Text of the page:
Miranda hearing November 6th

The next hearing in the case of David Miranda vs the Home Secretary is scheduled for November 6th and is due to start at 10:30 am.

Our strategy is still a little up in the air with the feeling being that more alliances are required to make a success of a street protest. Also I was unable to find out what the subject of the hearing is precisely, though it does seem likely to be the first round of the judicial review procedure. As such, the above date and time may be a time for us to hit the streets or it may not.

If you are interested in taking action on a work day, then get in touch. Meanwhile, watch this space.

Protest planning meeting re: Miranda detention

David Miranda is a Guardian journalist working with Glenn Greenwald on the NSA Files – a collection of leaked documents that revealed pervasive internet surveillance by US and UK authorities. On passing through Heathrow he was detained for nine hours and treated like a terrorist. Nobody, not even actual terrorists, had been treated this way before.

It was quickly admited that his detention took place under anti-terror legislation designed to help authorities determine if air pasengers were terrorists but the authorities seemed to know that David Miranda was not a terrorist before he was stopped. When the law is used in this way, it is no protection at all. A judicial review has been initiated by the Guardian to get to the truth of the matter and hearings will take place on an unknown date likely to be in October.

I would like to do something about this, in support of objective equally applied law and against arbitrary interpretation of the law by officials. I cannot do that alone and need help. I need to know:

  • what support I can get from the community, and from beyond the meetup?
  • what it is possible to say and do legally while the case is underway?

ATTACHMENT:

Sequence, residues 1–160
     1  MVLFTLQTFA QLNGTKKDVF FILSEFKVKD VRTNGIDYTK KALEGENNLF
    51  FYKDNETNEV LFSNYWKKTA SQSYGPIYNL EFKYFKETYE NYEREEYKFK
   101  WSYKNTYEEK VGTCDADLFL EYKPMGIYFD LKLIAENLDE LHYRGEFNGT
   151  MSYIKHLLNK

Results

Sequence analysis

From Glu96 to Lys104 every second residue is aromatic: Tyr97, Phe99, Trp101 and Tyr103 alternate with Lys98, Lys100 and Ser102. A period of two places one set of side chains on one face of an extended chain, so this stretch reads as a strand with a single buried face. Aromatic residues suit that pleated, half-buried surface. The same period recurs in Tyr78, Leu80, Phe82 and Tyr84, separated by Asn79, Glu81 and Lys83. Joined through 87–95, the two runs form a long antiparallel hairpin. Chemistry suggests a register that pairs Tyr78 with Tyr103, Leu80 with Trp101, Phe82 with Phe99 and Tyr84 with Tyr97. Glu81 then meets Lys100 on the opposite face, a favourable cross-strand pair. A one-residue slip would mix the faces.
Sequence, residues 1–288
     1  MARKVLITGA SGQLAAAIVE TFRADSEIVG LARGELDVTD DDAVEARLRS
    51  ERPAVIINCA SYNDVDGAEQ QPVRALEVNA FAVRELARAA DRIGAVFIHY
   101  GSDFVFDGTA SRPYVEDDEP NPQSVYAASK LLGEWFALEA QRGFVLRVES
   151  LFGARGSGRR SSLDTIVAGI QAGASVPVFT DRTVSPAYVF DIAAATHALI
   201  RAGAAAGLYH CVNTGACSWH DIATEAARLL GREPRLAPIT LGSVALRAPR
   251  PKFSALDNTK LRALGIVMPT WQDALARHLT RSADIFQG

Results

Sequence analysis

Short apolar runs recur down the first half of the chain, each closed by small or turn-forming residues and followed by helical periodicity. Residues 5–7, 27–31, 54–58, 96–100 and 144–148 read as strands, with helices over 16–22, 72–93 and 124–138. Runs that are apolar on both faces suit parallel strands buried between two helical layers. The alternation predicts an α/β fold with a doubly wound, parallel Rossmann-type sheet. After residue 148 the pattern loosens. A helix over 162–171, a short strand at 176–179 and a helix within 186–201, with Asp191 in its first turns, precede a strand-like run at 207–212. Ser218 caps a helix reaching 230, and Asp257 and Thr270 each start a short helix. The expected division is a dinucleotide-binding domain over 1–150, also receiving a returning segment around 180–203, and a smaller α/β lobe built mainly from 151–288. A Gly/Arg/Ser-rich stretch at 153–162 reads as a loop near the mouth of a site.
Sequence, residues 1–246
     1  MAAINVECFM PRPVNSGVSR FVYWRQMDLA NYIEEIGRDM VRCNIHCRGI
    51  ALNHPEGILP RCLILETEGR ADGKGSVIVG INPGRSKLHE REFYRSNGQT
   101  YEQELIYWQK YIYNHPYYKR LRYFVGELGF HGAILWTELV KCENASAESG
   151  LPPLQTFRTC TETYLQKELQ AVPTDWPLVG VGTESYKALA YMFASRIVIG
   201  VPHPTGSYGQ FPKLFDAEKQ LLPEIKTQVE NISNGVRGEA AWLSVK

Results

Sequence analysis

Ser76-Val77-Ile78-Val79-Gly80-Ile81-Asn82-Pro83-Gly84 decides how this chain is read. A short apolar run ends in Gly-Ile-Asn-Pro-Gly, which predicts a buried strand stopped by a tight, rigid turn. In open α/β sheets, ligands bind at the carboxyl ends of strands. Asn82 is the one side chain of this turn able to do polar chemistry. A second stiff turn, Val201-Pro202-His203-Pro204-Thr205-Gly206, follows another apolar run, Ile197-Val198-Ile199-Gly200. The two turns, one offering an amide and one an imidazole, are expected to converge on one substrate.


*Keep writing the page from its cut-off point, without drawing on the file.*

• what tactics will work?
  • what materials are needed and how to pay for them?

I would like to get together at the usual venue of the Rose and Crown in Southwark for a meeting to consider these questions. You can RSVP on meetup.com, but this is optional. There is an indication of the seated capacity on the meetup page.

Also, please do share the graphic below.

Theresa May Miranda protest meeting teaser

Theresa May approved and defends abuse of laws

Theresa May, in her capacity as a senior MP and minister is responsible, with 649 others, for setting out the law which which governs this country and for seeing it is governed in the manner they set down. It is her job to decide to how the country is run.

As Richard Carey said yesterday, the facts are obvious and Lord Falconer agrees, but lets spell it out anyway. In the David Miranda case she was informed, with the entire “senior tier” as David Davis put it, that a “port stop” would occur in the case of a journalist carrying US (not UK) state secrets with a view to analysing them. This did not mean he would publish them, or that any associate would, without them first being subjected to the usual tests of balance. Since, in fact, he could have published them from Germany without returning to Rio, it is clear the material was not for immediate publication. That fact alone makes Miranda, prima facie, one of the good guys. To justify a suspicion that Miranda was a terrorist it would be necessary to argue that his role in support of Glenn Greenwald is a cover for his terrorist plot. This has not been argued, and Miranda has been released. Carrying US state secrets, on its own, does not make him a terrorist. It simply doesn’t. No way. No how. What it does make him is a dissident.

It is entirely obvious to everyone that the law used to detain David Miranda was abused. It has also been admitted that the Home Secretary knew in advance that it would be used for the stop and she has also defended use of the law after the fact.

At the time, Theresa May must have been in one of two states of mind:

  • She did not realise the law was to be abused; which means she has failed in her role of Home Secretary. She should express regret and face up to it.
  • She did realise that the law was being abused and chose not to intervene because she felt that it was acceptable for laws to be repurposed ad hoc; which disqualifies her from office as Home Secretary.

This should be brought to a head. Her statement yesterday afternoon does not clarify matters, she could still be either deluded or evil, it simply takes her in deeper. To help cast some light on her state of mind I would like her to answer the question “Does she think it is acceptable for a law designed for purpose A to be used for purpose B as an expedient?”. I will be writing to my MP to suggest that this question is put to her. I suggest you do the same.

Getting this question asked, in Parliament, is something that can be easily achieved if a few people persuade their MPs to forward the question in writing or orally. Write to your MP so we can apply some pressure.


Write to your MP now and have them forward this question:

“Does the Home Secretary believe it is acceptable for a law designed for purpose A to be used for purpose B?”

Write Now